Sushi lovers will enjoy the first-hand look at sushi being made right before their eyes by the chefs when sitting at the bar. This unique spot provides a unique dining experience along with a trellis inspired by the roof of the Phoenix Hall at Byodoin Temple in Uji, Japan.

If you fancy yourself a sushi aficionado or you’re looking to expand your palate to a new bite, the Shiki-Sai: Sushi Izakaya menu has no shortage of dishes for you to try. Highlights from the sushi bar include the Kobore Sushi, Tokyo Negi Roll, Funamori, and The Monster Roll.

Kobore Sushi translates to “overflowing sushi” and this item features negi toro and nakaochi tuna elegantly paired with salmon roe and green onion. The Tokyo Negi Roll combines green onion tempura rolled with tuna tataki and topped with jalapeno aïoli, shredded carrot, and sliced jalapeno for a delightful roll.

The Funamori features sashimi and sushi arranged on a boat-shaped platter. This iteration of Funamori is even served with the festive pomp and the boat procession of the famous Tenjin Matsuri.

You’ll also be able to sample dishes from the delicious world of Japanese Izakaya, a type of casual pub-style restaurant. One of the main highlights of Izakaya culture is the emphasis on sharing plates of food while enjoying drinks and conversation with friends.

The menu at an Izakaya typically features a wide range of small dishes, and Shiki-Sai: Sushi Izakaya at EPCOT is no different. From savory Karaage Chicken to succulent Salmon Misoyaki, even a refreshing Tomato Salad with Avocado, Izakaya cuisine is all about offering a variety of delicious small plates that can be indulged in a social and relaxed atmosphere.

Not only can you get dishes from the sushi bar, but the grill will also be serving up delicious options commonly found in Japanese cuisine.

Among the grilled items at Shiki-Sai: Sushi Izakaya, okonomiyaki is a highlight. This Japanese savory pancake is made with a batter of flour, eggs, and water, and then filled with shredded cabbage and bacon, and topped with tangy okonomiyaki sauce, mayonnaise, aonori, bonito flakes, and pickled ginger.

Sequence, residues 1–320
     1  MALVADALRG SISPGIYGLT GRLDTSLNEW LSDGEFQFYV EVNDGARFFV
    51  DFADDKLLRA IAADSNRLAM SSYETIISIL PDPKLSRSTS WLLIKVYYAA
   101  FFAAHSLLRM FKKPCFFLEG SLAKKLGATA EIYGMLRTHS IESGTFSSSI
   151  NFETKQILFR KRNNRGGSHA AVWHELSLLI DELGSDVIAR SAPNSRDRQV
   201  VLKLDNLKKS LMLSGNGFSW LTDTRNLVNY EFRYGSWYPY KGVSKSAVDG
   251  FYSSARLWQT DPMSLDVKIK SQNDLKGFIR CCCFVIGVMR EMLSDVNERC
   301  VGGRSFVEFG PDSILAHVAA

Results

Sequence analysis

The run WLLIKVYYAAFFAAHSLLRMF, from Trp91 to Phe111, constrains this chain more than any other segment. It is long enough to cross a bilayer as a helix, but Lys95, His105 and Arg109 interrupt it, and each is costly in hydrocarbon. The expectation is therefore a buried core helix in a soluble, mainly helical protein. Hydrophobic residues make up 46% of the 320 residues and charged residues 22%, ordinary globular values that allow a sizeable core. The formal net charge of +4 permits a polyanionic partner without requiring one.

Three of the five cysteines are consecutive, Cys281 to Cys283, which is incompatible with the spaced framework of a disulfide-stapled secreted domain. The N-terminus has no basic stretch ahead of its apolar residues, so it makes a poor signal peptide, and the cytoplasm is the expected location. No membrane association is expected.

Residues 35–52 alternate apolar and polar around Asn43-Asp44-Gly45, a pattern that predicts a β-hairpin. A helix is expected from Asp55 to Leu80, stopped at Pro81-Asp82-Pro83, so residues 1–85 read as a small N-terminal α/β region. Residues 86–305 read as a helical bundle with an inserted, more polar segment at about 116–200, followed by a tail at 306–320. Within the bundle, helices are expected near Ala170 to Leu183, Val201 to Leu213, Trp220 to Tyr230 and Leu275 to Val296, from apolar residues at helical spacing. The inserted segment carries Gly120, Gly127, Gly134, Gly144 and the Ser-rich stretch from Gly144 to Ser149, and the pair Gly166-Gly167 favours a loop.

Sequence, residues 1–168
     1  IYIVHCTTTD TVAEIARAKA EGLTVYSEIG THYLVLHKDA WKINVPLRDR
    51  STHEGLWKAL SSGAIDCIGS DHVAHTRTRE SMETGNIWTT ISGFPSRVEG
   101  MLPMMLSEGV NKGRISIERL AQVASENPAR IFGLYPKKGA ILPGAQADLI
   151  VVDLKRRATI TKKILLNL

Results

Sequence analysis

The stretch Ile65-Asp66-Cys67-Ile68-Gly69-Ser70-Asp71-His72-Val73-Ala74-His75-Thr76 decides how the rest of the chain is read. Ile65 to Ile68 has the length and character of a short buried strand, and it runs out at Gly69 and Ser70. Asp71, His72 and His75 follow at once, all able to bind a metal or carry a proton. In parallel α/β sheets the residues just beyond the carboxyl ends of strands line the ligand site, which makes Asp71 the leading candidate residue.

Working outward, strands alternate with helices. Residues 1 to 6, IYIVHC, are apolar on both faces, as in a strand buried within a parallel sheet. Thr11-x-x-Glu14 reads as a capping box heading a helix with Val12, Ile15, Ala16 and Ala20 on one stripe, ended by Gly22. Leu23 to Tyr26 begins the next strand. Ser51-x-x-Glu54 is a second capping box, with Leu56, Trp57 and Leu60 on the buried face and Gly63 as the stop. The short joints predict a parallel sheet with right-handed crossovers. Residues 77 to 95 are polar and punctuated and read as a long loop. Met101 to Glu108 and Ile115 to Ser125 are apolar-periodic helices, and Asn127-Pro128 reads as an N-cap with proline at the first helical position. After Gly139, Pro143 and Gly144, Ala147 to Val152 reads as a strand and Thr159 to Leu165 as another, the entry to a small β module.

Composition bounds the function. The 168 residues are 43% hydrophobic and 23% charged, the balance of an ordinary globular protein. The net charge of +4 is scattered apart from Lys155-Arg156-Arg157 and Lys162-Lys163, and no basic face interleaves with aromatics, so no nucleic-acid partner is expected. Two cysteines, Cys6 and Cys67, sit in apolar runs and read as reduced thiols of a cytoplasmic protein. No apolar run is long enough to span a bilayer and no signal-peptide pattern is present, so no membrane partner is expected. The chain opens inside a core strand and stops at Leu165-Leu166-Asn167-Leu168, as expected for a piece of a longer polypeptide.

Although unstated in the original announcement, Shiki-Sai: Sushi Izakaya will necessarily be part of or a replacement for Tokyo Dining. That restaurant has been closed since last November for a major remodeling and reimagining, and it would seem that Shiki-Sai: Sushi Izakaya is the fruit of that project.

Our initial inclination was that Shiki-Sai: Sushi Izakaya would take over a portion of Tokyo Dining, as it’s already a bit subdivided with an open bar area and the table service restaurant on the other side of that. However, the suggestion that Shiki-Sai: Sushi Izakaya will offer lagoon and fireworks views suggests otherwise, as you can’t see much of anything from the lounge area–it’s nestled in the middle of the building, between the seating for Tokyo Dining on the window side, and Teppan Edo on the other side (separated by a wall).

We are totally fine with Shiki-Sai: Sushi Izakaya replacing Tokyo Dining completely. We ate at Tokyo Dining last fall a few weeks before it closed, and it was easily one of the worst meals we had at Walt Disney World in the last year. (And I say that as someone who has been recently revisiting counter service options that I hate in Magic Kingdom, consuming more hot dogs, burgers, and flatbreads than anyone should eat in a lifetime!)

That’s not us being snobbish about Japanese cuisine, either. We’re big fans of Katsura Grill, and even like Teppan Edo for what it is. But it’s been a while since we’ve had anything that impressed at Tokyo Dining. The restaurant itself was nothing memorable, especially if you were seated away from a window and stuck in the middle of the large and boring room.

To that point, it’ll be interesting to see how the interior of the restaurant changes. There was nothing necessarily bad about the look of Tokyo Dining before–it had an authentic but basic ‘modern’ look similar to what you’d see on the upper levels of department stores. It wasn’t good or bad…or memorable.

A more visual engaging style for Shiki-Sai: Sushi Izakaya would definitely be welcome. Imagineering did a great job with Takumi-Tei (below), and this sounds similarly promising. Drawing inspiration from Byodoin Temple (above) is a good move, and suggests that Shiki-Sai: Sushi Izakaya will use styles that evoke a more traditional Japan. (The festivals mentioned in the press release also reinforce this.)